Black Turpentine Beetle, Dendroctonus terebrans (Olivier) (Insecta: Coleoptera: Curculionidae: Scolytinae)

Figure 1. Dorsal view of an adult black turpentine beetle, Dendroctonus terebrans (Olivier). Its large size, trapezoidal pronotum, and rounded declivity distinguish it from all other bark beetles infesting pines in the southern United States. Credit: Adam Black and Jiri Hulcr, University of FloridaBlack turpentine beetles bore into the inner bark of stressed or injured pines, where they breed and feed on phloem tissue. Adults are strongly attracted to volatile pine odors and readily breed in fresh stumps. In typical forests, infestations do not exhibit the rapid and devastating expansion characteristic of the closely related southern pine beetle, but in stands where stress conditions are frequent or persistent, black turpentine beetle can become a chronic pest and cause significant mortality over an extended period of time. Historically, black turpentine beetle has been a major pest of pines wounded or treated with herbicides in naval stores production. During the 1950s, black turpentine beetle damaged 37 million board feet of timber and contributed to the financial collapse of turpentine farms. This 5-page fact sheet was written by Albert E. Mayfield, John L. Foltz and Jiri Hulcr, and published by the UF Department of Entomology and Nematology, June 2015. (Photo credit Adam Black and Jiri Hulcr, UF/IFAS)

Assessing the Survival of the Redbay Ambrosia Beetle and Laurel Wilt Pathogen in Wood Chips (FOR289/FR351)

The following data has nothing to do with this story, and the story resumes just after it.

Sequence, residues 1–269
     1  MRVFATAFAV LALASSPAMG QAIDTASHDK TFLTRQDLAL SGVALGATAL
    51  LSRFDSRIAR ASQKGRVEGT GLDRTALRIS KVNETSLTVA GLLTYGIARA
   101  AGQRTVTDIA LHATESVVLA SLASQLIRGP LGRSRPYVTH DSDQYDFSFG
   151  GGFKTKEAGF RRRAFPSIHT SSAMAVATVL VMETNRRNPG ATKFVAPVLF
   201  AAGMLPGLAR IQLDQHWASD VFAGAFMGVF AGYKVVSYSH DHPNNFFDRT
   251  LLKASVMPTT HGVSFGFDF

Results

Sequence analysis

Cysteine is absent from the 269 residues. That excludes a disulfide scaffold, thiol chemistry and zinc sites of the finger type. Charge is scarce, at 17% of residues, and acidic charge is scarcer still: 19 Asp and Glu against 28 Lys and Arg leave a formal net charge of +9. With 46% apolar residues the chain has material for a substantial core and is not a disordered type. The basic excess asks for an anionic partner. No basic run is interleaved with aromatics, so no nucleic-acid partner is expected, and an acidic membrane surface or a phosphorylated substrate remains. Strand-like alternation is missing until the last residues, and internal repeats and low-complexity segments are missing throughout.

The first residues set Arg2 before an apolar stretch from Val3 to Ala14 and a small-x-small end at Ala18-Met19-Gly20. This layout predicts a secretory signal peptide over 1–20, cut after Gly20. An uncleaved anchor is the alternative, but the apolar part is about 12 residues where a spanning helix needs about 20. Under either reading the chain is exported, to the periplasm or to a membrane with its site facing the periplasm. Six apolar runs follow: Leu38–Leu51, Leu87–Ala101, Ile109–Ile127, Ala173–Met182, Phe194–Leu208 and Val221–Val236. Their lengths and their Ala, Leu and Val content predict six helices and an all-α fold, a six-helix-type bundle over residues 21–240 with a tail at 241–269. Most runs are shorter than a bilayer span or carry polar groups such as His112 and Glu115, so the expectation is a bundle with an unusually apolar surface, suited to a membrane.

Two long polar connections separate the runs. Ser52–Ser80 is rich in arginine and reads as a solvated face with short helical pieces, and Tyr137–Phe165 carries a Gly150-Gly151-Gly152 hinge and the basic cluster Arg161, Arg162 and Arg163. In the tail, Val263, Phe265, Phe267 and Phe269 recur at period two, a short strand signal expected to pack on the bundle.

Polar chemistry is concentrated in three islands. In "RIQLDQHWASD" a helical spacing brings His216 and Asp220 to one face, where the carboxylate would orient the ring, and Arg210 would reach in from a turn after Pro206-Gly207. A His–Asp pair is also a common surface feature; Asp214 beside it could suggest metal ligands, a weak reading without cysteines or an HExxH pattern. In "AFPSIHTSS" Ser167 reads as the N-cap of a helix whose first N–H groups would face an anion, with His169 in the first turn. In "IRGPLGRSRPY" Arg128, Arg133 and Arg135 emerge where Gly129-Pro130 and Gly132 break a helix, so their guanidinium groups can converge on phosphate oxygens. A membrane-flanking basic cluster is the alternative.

Figure 2. 1 m3 mulch bin with mesh bags on the surface containing woodchips from the infested redbay trees.What is the best way for homeowners to dispose of dead redbay trees to avoid spreading laurel wilt? This 4-page fact sheet summarizes a UF/IFAS study providing evidence that a simple technique — chipping the dead trees — can help contain the disease within a small area and that there is a low probability of long-distance movement of LW via wood chips. Written by Don Spence, Jason Smith, Albert Mayfield III, Jiri Huler, Randy Ploetz and Lukasz Stelinski, and published by the UF Department of School of Forest Resources and Conservation, November 2011.

HS1137/HS391 Laurel Wilt: A Threat to Redbay, Avocado and Related Trees in Urban and Rural Landscapes

HS-1137, a 6-page illustrated fact sheet by Albert E. Mayfield III, Jonathan H. Crane and Jason A. Smith, describes for homeowners this fungal disease of trees in the laurel family that is carried by the non-native redbay ambrosia beetle. Includes descriptions of the beetles, plant hosts, impact, host symptoms, and management strategies. Includes references. Published by the UF Horticultural Sciences Department, March 2008.